In the embodiment of this invention discussed above, the linear portion 41 and the curved portion 42 of the circumference 1 of the wafer 40 are scanned with different types of motions of the wafers 40. The linear portion 41 is scanned while linearly moving the wafers 40, yet the round portion 42 is scanned while rotating the wafers 40 about their central axis 9. However, the images of the linear portion 41 can also be captured without having to linearly move the wafers. Instead, the camera 11 can be linearly moved. Alternatively, the same can be done by changing directions of at least one of the camera lens 12 and the light source 15 such that the camera 11 can scan the whole area of the linear portion 41. In this case, the algorithm for processing the data for the linear area may have to be adjusted. Although the embodiments of this invention is discussed in terms of the wafers having both the linear portion 41 and the round portion 42, the present invention can be used to inspect any other types and sizes of the wafers including wafers having a notch. When inspecting the circumference of wafers having a notch, the linear moving mechanism 30 is moved after placing the wafers in the cassette 21 of the flat aligner 20 so that the central axis of the circular wafer is lined up with the central axis of the camera lens 12. Then, the flat aligner 20 is activated to align the pre-selected reference position (for instance, notch). Subsequently, the wafer is rotated and the circumference is scanned to obtain image information.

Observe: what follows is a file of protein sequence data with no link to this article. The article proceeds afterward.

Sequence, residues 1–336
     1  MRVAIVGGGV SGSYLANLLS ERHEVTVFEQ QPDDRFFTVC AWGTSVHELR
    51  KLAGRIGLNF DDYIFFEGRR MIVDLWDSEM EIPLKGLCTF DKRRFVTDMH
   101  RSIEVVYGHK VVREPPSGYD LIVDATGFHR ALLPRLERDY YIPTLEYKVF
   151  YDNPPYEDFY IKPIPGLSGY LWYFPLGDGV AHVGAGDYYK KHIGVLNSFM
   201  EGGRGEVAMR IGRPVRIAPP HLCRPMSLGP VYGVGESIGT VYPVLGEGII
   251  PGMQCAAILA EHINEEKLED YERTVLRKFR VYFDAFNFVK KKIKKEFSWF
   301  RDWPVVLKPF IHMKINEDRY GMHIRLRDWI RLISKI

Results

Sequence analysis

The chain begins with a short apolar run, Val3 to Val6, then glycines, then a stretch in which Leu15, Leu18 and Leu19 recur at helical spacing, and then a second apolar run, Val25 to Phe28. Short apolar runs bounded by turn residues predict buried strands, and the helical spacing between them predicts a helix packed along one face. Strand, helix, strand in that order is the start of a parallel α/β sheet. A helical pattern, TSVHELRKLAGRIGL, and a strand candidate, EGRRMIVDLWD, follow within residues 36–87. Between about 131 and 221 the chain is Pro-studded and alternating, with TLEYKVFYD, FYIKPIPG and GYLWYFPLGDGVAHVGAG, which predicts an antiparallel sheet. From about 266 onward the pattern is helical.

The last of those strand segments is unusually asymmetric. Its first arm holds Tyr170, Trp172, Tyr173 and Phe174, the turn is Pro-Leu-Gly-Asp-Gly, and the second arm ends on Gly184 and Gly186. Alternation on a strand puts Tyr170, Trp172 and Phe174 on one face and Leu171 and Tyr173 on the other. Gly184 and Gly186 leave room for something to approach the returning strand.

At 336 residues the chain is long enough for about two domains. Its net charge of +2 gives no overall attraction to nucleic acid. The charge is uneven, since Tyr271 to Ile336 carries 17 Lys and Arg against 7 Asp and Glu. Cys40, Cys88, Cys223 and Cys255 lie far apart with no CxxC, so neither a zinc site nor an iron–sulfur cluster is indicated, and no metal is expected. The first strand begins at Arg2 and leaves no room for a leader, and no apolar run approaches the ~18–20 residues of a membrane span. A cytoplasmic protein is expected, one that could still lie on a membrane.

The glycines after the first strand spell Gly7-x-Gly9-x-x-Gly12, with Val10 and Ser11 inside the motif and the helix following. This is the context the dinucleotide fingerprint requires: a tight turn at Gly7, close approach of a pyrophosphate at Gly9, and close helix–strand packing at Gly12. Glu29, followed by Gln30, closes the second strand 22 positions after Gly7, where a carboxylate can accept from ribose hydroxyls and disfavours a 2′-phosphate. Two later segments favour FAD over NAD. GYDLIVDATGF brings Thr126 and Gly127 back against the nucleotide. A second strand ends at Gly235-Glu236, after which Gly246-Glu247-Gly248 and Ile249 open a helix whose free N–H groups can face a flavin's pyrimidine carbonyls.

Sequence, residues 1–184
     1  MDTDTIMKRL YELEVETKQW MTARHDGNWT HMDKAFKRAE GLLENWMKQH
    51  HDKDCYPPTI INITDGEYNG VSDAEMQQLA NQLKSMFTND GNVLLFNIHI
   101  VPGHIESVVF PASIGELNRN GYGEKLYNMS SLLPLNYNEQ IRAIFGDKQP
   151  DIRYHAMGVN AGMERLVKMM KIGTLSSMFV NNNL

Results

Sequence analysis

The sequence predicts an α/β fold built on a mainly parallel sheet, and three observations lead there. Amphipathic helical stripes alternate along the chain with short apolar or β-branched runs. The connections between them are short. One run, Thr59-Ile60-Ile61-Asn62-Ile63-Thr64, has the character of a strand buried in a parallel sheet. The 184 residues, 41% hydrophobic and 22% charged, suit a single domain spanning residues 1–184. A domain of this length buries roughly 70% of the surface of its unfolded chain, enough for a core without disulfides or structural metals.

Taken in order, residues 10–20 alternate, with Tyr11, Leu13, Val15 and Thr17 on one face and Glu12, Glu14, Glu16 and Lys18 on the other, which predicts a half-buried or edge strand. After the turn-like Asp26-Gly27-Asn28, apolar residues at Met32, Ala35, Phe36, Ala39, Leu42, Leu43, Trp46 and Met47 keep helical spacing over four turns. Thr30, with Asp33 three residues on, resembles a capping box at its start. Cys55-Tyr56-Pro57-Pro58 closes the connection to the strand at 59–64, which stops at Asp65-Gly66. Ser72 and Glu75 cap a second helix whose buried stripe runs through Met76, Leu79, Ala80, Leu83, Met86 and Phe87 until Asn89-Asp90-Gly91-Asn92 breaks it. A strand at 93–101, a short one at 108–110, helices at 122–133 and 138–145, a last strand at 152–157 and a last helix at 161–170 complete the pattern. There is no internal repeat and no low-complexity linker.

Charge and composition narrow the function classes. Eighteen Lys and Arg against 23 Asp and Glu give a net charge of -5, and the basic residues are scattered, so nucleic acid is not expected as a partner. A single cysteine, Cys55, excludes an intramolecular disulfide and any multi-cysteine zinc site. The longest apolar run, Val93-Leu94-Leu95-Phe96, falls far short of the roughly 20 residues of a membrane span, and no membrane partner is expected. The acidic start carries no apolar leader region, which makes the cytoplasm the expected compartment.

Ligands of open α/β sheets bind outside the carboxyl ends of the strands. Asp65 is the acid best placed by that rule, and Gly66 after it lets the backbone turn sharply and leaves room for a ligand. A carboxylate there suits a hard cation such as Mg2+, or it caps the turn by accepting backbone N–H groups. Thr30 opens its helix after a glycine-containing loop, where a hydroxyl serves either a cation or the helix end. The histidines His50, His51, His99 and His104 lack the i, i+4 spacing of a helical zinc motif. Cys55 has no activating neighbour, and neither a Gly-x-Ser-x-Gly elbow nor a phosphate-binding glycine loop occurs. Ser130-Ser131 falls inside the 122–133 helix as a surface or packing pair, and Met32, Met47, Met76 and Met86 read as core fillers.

According to the apparatus and method for inspecting circumference, the wafers with defects on the circumference can be identified before they are subjected to various processes. Therefore, losses of wafers and/or to the semiconductor processing machines due to breakage of wafers, which may be caused by defects on the circumference, can be prevented. Furthermore, the inspection process does not require any changes to the existing equipment for wafer fabrication processes.
Although the invention has been shown and described with respect to the exemplary embodiments, it should be understood that various changes, modifications and additions might be made without departing from the spirit and scope of the invention.
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|International Classification||G01B11/30, H01L21/66, H01L21/00, G01N21/956, G01N21/95|
|Cooperative Classification||G01N21/9503, H01L21/67271, Y10T29/41|
|European Classification||G01N21/95A2, H01L21/67S8D|
|2 Feb 2001||AS||Assignment|
|1 Mar 2006||REMI||Maintenance fee reminder mailed|
|14 Aug 2006||LAPS||Lapse for failure to pay maintenance fees|
|10 Oct 2006||FP||Expired due to failure to pay maintenance fee|
Effective date: 20060813